Once the decision had been taken to shut it down, an argument began to develop between FECSA-ENDESA (now called simply ENDESA), the Ajuntament and the local community over the future of the plant. Local community members held a referendum and voted for the plant's preservation, favouring its transformation into a social centre. The Ajuntament spoke of preserving the plant, described as 'a singular element in Barcelona's coastal landscape', as an industrial heritage site. One plan was outlined to build a new barrio on the site, with hundreds of new homes, hotels and local services.
ENDESA however, preferred an altogether different solution; the wrecking ball. Citing a cost of €400,000 a year just to keep the plant standing, the energy company lost little time in ignoring the Ajuntament, and set about demolishing it. The pantalánes (jetties) reaching out into the sea were taken apart, the turbine hall and chimneys were stripped. Decades of industrial heritage were being lost to the bulldozer.
But in 2015 the Ajuntament de Sant Adriá reacted. By declaring the site Bien Cultural de Local Interes, it forced ENDESA to leave the turbine room and the concrete skeleton of the three towers intact. ENDESA continued to flex its corporate muscles, threatening to take the matter to court. The dispute carried on, with those hoping to regenerate the site resigned to the idea of the power station being lost forever.
However, in April of this year, a rather astonishing and marvellous thing happened. In an extraordinary u-turn, ENDESA came out with a public statement declaring that it would be giving the old plant - yes, giving it - to the Ajuntament de Sant Adriá. A multinational energy company? Giving over land to a local council?
The amount of money ENDESA could have generated had it sold the land - reportedly around €100 million - made it a singularly shocking and unexpected move. In recent years, the energy-supplying giant had been under negative scrutiny in the media, whether it be in enormous hikes in the cost of its services or for alleged illegal pay-offs to politicans. But suddenly here it was, a coroporate behemoth, ceding an incalculably valuable slice of land over to the community. Surely there must be some catch?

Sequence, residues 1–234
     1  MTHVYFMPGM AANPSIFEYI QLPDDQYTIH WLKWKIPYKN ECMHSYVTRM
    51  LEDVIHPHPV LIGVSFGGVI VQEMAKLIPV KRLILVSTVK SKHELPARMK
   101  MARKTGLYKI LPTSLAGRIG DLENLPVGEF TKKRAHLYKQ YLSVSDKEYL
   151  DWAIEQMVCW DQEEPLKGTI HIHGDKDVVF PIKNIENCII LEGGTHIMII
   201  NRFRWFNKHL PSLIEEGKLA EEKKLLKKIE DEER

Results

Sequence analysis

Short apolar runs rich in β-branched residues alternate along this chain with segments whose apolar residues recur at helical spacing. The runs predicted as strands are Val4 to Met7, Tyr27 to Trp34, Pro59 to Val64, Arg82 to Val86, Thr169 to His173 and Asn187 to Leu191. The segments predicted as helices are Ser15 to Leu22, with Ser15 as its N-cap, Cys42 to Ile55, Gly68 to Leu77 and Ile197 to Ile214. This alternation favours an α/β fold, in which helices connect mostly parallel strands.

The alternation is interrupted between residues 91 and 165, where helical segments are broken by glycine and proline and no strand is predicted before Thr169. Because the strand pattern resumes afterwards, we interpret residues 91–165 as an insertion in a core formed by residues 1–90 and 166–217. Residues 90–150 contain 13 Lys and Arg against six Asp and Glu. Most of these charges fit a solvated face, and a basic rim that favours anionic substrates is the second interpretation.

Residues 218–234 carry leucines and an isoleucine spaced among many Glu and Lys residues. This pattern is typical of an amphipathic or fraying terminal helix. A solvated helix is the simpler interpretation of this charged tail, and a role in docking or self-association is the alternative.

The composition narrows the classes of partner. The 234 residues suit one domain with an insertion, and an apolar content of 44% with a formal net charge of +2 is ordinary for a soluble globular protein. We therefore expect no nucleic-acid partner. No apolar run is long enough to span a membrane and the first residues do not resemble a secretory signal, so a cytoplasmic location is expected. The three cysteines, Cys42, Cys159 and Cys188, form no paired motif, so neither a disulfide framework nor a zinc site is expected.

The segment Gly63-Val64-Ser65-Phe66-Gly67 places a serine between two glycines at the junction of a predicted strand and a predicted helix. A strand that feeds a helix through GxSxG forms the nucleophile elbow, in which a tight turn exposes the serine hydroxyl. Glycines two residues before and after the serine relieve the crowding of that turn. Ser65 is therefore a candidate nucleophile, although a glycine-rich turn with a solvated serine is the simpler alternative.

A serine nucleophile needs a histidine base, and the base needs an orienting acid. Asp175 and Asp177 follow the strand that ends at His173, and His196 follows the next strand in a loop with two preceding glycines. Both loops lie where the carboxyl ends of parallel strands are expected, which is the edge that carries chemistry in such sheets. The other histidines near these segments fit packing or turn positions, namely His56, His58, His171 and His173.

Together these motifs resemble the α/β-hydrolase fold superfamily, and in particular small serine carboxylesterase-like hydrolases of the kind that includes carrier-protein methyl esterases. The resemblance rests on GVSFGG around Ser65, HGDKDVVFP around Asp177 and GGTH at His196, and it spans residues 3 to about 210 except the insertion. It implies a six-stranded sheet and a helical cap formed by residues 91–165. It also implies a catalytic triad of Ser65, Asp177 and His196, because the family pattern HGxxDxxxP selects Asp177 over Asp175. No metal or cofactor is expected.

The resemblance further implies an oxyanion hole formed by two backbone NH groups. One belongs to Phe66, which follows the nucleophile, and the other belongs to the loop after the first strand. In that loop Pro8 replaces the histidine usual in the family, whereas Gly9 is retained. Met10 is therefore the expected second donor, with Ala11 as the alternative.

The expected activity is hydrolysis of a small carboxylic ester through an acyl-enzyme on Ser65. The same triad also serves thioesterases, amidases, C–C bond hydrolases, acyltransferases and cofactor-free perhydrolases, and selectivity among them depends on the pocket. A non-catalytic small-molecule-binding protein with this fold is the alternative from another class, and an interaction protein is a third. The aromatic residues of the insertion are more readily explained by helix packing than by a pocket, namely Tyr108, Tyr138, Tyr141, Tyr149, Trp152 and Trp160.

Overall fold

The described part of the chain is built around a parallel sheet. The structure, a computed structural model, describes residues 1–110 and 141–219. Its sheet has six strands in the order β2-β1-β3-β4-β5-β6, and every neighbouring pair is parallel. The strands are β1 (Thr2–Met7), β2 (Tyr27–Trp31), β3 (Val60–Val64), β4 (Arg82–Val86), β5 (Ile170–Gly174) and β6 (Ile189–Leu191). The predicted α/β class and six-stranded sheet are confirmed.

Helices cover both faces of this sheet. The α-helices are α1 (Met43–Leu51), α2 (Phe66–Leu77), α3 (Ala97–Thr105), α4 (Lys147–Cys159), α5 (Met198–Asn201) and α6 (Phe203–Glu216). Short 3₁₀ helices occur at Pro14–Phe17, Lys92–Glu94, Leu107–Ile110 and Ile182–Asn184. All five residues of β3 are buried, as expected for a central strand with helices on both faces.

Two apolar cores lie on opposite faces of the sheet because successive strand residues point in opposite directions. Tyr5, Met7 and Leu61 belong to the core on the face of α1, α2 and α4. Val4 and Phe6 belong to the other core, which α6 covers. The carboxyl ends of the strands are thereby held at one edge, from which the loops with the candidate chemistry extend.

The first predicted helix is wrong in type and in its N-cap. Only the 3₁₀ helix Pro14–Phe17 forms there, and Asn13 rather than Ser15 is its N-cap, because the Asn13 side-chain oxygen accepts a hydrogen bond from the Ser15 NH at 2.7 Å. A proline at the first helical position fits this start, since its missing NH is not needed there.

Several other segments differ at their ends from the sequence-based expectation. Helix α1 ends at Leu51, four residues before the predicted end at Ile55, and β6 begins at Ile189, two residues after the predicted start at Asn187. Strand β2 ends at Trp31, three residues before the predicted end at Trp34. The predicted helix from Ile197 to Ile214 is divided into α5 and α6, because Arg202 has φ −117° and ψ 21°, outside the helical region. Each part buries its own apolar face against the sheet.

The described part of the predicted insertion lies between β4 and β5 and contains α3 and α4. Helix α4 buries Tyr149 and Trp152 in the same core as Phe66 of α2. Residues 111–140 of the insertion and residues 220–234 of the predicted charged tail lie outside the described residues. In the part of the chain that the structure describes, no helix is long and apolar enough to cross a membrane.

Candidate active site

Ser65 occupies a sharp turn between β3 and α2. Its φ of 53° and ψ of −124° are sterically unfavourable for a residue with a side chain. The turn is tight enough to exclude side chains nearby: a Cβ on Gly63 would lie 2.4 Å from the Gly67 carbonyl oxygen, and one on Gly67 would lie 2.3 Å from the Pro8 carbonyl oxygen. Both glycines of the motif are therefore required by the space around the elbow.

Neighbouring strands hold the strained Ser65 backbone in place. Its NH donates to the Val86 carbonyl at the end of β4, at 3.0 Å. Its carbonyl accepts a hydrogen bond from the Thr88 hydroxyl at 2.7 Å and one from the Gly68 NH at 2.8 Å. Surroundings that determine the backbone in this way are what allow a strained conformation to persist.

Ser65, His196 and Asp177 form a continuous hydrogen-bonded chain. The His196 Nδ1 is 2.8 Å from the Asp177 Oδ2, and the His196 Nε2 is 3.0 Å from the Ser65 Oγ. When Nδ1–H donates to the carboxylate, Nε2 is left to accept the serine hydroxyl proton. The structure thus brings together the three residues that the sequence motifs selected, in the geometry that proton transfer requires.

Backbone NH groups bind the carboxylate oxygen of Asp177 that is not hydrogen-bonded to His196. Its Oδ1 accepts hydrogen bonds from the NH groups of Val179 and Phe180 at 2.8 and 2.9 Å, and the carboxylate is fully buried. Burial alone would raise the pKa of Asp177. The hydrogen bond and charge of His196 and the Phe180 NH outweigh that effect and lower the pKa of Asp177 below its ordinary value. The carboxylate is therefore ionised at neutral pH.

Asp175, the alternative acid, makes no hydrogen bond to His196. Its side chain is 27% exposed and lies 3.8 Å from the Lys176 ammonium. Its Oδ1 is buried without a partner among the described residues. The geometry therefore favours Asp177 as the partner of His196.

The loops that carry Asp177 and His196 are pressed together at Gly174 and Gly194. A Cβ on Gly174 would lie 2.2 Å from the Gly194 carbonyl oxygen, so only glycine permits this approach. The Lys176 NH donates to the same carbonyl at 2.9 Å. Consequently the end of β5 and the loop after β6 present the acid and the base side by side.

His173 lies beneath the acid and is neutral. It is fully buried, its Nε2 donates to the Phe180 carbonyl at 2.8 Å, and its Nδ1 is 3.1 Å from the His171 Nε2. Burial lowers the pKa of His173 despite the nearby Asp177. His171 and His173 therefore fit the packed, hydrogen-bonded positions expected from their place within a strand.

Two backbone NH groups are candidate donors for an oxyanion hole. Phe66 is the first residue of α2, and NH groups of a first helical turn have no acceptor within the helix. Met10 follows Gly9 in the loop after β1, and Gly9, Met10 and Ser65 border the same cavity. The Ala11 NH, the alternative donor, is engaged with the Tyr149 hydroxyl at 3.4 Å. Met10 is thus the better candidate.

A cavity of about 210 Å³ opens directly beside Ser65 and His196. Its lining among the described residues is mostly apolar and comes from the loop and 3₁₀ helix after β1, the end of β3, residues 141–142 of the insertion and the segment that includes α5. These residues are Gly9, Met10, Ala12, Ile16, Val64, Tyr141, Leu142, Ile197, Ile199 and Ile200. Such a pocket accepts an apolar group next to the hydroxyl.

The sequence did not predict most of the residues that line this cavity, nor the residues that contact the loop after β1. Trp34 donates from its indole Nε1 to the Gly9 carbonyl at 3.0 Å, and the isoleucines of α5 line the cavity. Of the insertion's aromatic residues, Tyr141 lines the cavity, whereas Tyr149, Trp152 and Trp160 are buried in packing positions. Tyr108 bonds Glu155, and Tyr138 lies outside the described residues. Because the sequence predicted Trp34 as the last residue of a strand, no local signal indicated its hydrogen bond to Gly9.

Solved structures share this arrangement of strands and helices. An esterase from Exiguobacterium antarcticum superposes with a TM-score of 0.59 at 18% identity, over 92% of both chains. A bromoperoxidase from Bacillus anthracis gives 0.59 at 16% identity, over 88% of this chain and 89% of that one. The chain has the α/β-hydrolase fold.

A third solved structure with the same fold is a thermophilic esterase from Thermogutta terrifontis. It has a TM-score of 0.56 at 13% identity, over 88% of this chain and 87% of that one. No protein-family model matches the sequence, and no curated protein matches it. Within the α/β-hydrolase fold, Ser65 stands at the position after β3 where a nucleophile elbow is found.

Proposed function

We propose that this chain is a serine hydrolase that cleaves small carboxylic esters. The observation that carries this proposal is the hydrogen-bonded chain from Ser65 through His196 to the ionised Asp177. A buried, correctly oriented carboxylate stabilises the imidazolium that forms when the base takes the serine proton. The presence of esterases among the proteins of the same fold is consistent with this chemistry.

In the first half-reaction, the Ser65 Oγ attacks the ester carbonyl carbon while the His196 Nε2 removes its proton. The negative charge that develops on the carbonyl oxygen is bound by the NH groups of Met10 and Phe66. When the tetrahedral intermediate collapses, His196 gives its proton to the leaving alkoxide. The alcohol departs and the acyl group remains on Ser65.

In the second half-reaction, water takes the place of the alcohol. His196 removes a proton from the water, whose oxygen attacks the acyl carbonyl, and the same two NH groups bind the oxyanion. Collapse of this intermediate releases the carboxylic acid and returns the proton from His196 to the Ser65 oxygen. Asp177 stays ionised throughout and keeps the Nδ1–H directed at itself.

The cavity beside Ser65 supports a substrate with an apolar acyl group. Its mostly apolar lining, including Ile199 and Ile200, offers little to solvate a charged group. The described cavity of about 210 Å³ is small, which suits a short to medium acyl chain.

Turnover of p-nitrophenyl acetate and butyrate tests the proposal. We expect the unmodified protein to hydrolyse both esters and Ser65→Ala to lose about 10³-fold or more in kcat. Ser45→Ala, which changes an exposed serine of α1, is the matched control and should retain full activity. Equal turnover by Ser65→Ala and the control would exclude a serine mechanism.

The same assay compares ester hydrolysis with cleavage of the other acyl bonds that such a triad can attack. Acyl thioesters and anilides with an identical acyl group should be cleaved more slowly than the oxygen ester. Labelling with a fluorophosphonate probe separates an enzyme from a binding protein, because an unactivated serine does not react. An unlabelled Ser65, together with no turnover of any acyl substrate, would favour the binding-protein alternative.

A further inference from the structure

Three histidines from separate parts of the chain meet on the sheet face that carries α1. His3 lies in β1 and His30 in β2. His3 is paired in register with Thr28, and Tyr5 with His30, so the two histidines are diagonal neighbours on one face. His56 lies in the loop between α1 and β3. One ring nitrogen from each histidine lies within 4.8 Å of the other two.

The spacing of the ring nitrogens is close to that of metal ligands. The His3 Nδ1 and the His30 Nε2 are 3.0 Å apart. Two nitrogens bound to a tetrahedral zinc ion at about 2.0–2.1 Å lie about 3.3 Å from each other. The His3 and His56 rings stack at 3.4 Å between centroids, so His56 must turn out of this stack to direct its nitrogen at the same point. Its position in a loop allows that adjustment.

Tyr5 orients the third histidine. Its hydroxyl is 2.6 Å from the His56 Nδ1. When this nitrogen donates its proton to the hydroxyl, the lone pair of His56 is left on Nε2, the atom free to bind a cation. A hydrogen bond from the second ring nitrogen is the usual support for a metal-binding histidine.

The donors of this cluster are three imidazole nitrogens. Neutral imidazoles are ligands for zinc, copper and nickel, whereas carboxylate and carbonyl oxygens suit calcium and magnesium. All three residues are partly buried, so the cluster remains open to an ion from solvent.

But there was no catch. The company even announced it would not dictate to the council any stipulations about the old power station's future use. The council was as surprised as the local community. Only two months before the announcement, the local mayor Joan Callau (PSC) had said he couldn't see a resolution happening any time soon, and that the plant might continue in disuse for years. The chief hope had been that an investor would buy the land from the energy company.
Increasingly optimistic speculations now continue to circulate about a future use for husk of the old station. One of the ideas, according to La Vanguardia, is to make it the flagship of a 'gran centro cultural.' A Spanish Tate Modern, perhaps?
Let's hope it's not a Battersea Power Station, for decades the graveyard of grand ideas.
For the moment the giant towers of the disused old thermal plant continue to loom like ghostly spires over a traumatized industrial wasteland. But at least, the sky has begun to clear a little overhead for the Sagrada Familia of the Workmen.